Jutta Hipp was a jazz pianist and composer. Born in Leipzig in the Weimar Republic, she initially listened to jazz in secret, as it was not approved of by the Nazi authorities. After surviving World War II, she became a refugee, often lacking food and other necessities. By the early 1950s, she was a touring pianist and soon led her own bands. Critic Leonard Feather heard Hipp perform in Germany in 1954, recorded her, and organized her move to the United States the following year. Club and festival appearances soon followed, as did album releases. For reasons that are unclear, Hipp's last recording was in 1956; she started working in a clothing factory, and ultimately cut herself off from the music world. She remained in the United States, and worked for the clothing company for 35 years.
|Born:||February 4, 1925, Leipzig, Weimar Republic|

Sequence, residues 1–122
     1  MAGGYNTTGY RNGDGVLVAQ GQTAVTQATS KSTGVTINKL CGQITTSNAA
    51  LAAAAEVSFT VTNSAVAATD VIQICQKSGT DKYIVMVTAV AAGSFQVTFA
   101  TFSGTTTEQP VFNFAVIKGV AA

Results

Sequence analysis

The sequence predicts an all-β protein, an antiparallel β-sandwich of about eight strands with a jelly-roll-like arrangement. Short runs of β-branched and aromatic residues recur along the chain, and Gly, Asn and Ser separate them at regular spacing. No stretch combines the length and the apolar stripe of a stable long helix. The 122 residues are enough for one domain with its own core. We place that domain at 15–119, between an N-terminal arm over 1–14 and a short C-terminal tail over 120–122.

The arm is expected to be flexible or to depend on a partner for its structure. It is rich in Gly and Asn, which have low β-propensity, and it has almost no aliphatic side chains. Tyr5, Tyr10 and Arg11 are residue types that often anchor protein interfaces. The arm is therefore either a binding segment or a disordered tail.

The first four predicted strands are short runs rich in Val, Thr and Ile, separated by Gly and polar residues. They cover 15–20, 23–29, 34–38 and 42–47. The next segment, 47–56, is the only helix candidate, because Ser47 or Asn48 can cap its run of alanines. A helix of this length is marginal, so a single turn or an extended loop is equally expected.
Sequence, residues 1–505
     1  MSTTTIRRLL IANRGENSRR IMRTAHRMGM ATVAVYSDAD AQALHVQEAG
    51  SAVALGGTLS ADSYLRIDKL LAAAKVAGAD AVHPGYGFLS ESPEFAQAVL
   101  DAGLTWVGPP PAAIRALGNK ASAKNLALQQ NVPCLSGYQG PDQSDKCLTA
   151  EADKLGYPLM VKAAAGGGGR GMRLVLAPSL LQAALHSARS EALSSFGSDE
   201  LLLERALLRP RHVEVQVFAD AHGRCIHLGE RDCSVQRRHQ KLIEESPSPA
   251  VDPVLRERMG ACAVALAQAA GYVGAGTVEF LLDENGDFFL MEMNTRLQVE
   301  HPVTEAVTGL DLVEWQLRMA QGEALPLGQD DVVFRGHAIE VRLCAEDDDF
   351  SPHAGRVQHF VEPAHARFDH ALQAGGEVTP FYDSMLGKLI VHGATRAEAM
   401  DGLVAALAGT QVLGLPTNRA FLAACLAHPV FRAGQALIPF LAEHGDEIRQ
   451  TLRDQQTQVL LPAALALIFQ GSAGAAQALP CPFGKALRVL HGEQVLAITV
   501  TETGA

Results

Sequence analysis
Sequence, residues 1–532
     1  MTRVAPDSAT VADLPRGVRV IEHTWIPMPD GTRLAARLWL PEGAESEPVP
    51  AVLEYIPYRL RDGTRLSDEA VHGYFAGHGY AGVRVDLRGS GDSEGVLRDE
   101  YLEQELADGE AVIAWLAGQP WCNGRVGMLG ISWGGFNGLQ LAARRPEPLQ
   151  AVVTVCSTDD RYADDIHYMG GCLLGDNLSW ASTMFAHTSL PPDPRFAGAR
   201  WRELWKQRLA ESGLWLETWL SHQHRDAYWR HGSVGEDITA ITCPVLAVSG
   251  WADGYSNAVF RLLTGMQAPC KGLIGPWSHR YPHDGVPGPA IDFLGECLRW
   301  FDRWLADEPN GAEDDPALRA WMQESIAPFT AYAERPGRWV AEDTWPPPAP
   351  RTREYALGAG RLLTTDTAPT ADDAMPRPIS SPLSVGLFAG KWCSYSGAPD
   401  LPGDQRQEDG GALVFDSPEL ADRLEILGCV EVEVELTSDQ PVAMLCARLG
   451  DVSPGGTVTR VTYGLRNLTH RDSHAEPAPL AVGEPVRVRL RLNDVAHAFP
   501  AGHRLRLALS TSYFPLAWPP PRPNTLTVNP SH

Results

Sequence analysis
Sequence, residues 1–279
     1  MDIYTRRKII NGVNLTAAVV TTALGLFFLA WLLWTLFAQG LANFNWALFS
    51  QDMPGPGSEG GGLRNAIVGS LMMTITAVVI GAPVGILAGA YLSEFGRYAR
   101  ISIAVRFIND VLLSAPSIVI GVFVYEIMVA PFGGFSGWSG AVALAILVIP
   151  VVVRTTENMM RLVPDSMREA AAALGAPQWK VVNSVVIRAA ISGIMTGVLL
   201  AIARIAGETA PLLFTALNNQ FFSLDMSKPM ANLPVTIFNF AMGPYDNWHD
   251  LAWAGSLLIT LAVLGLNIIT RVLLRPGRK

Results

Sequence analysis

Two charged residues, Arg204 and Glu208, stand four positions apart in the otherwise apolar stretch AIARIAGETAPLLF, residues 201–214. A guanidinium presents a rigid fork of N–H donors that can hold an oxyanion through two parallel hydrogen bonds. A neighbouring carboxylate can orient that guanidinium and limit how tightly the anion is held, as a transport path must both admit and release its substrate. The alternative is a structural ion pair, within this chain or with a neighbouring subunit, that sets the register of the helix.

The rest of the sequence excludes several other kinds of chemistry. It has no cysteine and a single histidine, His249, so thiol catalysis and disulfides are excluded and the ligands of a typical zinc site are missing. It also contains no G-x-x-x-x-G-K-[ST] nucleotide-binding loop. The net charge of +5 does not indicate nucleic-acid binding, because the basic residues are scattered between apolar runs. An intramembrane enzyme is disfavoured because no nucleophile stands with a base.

|Died:||April 7, 2003, New York City, U.S.|
About Jutta Hipp
Bebop and cool-jazz artist who was also a skilled painter, often depicting fellow jazz musicians in her portraits.
Jutta Hipp Before Fame
She fled Communist-occupied East Germany for West Germany after World War II, where she collaborated with bandleader Hans Koller.
Achievement of Jutta Hipp
She recorded a studio album with jazz saxophonist Zoot Sims in 1956, which became a coveted collector's item.
Jutta Hipp Family Life
She withdrew from the music industry after a while and never married or had any children.
Associations of Jutta Hipp
She was sponsored by Horace Silver.
Information related to Jutta Hipp
- Cool jazz pianists
- Women jazz pianists
- German jazz pianists
- Bebop pianists
- Blue Note Records artists
- 20th-century pianists